When it comes to ecommerce shipping, ensuring the product actually reaches the customer is only half the challenge. Equally important is how it gets there — and choosing the right packaging is key.
When it comes to packaging goods, there are three central considerations to bear in mind: minimize cost, prevent damage, and leave customers with the best possible impression of the business.
1. Minimize cost
Weigh it. Determine whether your carrier is billing based on dimensional weight or actual weight – typically, it’s the greater of the two. Where possible, pack your products in a manner that keeps them protected as well as lean.
Reduce waste and improve efficiencies. Preserve product integrity and save money by putting products in their proper containers. Choose a portfolio of package sizes that will suit your business for right-size packaging that minimizes dead space and maximizes in-transit protection. It reduces waste – and your carbon footprint.
Commit to a carrier. Often, having an account with a specific carrier will streamline processes and result in discounts.
Do it right the first time. By choosing the best packaging materials at the outset, you’ll ensure that your goods aren’t damaged in transit and that your customers are satisfied. Doing it right the first time means you may win a repeat customer rather than a do-over shipment.
2. Prevent damage
Perfect packaging is your best insurance against damage.
Test it out. Here’s a hard truth: Simply marking a package “fragile” doesn’t guarantee it will be treated as such. Even some sturdy goods are challenged by the wear and tear that comes during ordinary shipping and handling. So don’t let your product’s journey to a customer be the first real test of your packaging. To ensure it will arrive safely, use the four-foot drop test (the industry standard for determining whether a package can survive ordinary shipping and handling impact). Drop your package onto a hard surface from four feet up at five different angles: flat on base and top, the longest and shortest sides, and on a corner. Also try the full-minute vigorous shaking test.
Don’t forget the details. If your product is moisture-sensitive, slip in a silica gel packet to control humidity and absorb moisture. If you’re including goods whose color could fade with light exposure, like silk and leather, put them in polybags, which will block harmful rays. Also remember to choose materials (like tape, for example) wisely.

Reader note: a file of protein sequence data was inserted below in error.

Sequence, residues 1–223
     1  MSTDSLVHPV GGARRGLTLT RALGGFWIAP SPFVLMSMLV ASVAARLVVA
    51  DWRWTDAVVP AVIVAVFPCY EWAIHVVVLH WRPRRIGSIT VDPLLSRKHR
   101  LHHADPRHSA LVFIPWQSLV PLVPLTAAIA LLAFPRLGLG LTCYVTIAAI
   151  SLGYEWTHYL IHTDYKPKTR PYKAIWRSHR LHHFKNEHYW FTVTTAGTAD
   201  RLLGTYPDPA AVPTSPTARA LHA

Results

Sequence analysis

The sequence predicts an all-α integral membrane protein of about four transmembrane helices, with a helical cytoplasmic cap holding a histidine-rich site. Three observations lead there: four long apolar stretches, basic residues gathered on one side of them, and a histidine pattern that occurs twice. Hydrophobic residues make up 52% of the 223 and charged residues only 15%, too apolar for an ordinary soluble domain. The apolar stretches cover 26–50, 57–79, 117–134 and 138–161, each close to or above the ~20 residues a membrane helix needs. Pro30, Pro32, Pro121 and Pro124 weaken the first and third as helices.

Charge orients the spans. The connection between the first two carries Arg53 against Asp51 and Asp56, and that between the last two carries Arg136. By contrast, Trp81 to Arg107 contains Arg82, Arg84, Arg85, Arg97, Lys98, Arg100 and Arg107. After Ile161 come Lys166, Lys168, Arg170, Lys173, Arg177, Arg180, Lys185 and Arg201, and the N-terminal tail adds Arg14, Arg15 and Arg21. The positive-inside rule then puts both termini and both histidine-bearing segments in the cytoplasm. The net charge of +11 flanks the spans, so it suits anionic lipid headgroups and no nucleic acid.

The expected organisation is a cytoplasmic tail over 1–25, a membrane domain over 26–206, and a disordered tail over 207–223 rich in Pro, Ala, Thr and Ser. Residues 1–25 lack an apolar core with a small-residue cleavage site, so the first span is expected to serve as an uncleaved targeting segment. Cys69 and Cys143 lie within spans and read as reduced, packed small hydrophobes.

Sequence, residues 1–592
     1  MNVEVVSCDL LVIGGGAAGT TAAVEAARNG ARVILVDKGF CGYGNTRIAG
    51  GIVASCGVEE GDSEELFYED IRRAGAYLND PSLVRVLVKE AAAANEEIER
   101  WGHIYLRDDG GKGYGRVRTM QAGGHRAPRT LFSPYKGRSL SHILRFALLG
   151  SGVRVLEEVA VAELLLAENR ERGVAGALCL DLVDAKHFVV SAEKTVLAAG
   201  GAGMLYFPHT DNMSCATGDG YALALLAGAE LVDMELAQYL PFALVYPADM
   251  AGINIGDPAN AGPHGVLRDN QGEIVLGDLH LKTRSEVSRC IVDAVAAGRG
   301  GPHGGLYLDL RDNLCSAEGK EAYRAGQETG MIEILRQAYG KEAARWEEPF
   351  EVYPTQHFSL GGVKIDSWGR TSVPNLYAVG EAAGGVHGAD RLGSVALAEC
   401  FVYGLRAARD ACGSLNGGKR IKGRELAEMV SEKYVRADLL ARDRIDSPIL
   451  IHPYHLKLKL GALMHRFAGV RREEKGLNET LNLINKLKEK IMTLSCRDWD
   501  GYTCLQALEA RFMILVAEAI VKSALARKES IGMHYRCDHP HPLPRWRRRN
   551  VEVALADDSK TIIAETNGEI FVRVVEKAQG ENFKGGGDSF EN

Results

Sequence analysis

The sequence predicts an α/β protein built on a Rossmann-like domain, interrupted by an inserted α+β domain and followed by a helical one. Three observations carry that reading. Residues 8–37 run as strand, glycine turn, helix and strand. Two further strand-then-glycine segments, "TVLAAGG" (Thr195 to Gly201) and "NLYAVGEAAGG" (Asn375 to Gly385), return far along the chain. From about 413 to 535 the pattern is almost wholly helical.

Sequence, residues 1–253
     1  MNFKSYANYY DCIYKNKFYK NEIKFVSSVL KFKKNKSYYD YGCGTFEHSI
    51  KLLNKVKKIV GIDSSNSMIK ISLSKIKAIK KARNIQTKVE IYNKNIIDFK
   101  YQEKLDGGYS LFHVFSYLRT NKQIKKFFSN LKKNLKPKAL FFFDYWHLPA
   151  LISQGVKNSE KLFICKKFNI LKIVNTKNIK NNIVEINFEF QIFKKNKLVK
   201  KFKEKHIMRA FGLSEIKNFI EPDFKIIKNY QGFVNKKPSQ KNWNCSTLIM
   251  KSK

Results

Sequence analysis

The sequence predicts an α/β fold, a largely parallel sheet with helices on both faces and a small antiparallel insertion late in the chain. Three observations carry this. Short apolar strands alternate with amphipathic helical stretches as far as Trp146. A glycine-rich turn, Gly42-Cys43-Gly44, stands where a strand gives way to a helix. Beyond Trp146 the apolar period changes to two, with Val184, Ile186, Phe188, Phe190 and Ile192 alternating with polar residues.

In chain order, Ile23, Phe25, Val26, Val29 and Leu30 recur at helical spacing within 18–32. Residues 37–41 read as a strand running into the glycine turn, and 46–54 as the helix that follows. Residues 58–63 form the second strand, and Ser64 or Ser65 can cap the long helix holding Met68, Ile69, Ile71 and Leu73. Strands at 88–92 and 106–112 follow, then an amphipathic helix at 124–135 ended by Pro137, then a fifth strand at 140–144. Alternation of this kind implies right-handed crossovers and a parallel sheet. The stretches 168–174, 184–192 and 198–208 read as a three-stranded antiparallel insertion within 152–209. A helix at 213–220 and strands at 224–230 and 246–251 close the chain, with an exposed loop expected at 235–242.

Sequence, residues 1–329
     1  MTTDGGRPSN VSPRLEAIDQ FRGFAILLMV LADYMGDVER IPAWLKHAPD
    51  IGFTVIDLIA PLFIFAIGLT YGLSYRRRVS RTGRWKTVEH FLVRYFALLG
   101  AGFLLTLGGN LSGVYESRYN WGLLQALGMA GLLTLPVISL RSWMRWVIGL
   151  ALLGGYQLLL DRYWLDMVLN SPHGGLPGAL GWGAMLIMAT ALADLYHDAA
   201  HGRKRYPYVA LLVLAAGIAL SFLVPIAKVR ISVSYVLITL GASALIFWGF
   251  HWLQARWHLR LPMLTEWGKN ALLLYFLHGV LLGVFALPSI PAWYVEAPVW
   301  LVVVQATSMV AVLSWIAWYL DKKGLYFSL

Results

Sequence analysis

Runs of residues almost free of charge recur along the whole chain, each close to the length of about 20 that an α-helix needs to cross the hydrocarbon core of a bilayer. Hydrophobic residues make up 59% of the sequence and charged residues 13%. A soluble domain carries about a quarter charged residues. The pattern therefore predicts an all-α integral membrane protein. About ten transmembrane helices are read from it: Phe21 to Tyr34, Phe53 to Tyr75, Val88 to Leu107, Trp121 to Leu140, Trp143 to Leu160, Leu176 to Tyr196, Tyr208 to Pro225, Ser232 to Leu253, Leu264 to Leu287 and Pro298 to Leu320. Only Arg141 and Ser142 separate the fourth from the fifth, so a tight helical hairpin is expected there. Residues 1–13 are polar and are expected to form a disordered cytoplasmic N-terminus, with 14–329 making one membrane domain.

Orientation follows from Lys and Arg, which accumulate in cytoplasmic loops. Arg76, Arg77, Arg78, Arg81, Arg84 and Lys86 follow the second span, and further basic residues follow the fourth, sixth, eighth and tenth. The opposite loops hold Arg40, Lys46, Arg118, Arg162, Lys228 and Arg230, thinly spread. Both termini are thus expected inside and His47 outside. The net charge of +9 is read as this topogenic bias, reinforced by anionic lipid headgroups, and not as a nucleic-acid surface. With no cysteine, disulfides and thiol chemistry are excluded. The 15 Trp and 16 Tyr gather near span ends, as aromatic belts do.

Be practical. Fillers like confetti and tissue paper might look nice, but if you use them to fill empty space, don’t expect them to do much damage control. Your best bet for filling voids are inflated air bags, packing peanuts, or kraft paper, all of which actually help to absorb impact.
Pick the right sturdiness. Choose materials based on weight, size, and other item attributes. Consider a master carton to protect your product – and your branded packaging – from damage. For master cartons, if contents are less than 70 lbs., use double-wall corrugate. For contents heavier than 70 lbs., use triple-wall corrugate. Properly seal everything by choosing tape at least 2” wide.
3. Make a good impression
Packaging is a key branding element in stores and serves as a way to entice customers into purchasing a product. Its value to ecommerce businesses shouldn’t be underestimated. According to MeadWestVaco’s 2013 study on packaging data, “Packaging Matters,” 22 percent of consumers write online reviews that address packaging, and these encounters are said to influence behavior, from repeat buys to overall satisfaction.
Spread the word. Branded packaging adds a hint of professionalism and thoughtfulness to the overall user experience while helping to build brand awareness. Making it clear where a package is coming from can also reduce the rate of unclaimed packages.
Don’t frustrate the customer. Make sure your product is protected, but still easy for the customer to unwrap. Don’t risk souring the initial user experience by sealing it in maddening packaging, and avoid hazardous situations in which a customer might inadvertently damage the product by attacking the package with too much zeal.
Good things come in small packages. Your product should have adequate cushion, so the size and fragility of your goods will dictate packaging size. But sometimes, smaller can be better – particularly in international markets. When the buyer or distributor is responsible for related packaging costs — for example, collecting and recycling the materials, as is the case in certain countries — they’ll appreciate the savings.
Protect goods from exposure. Despite the cleanest shipping environments, wear and tear during transit can cause dust and other particles to creep onto products. Using clear plastic to prevent such contact can improve the customer’s experience on receipt.
Go green. It’s good for the environment and good for business.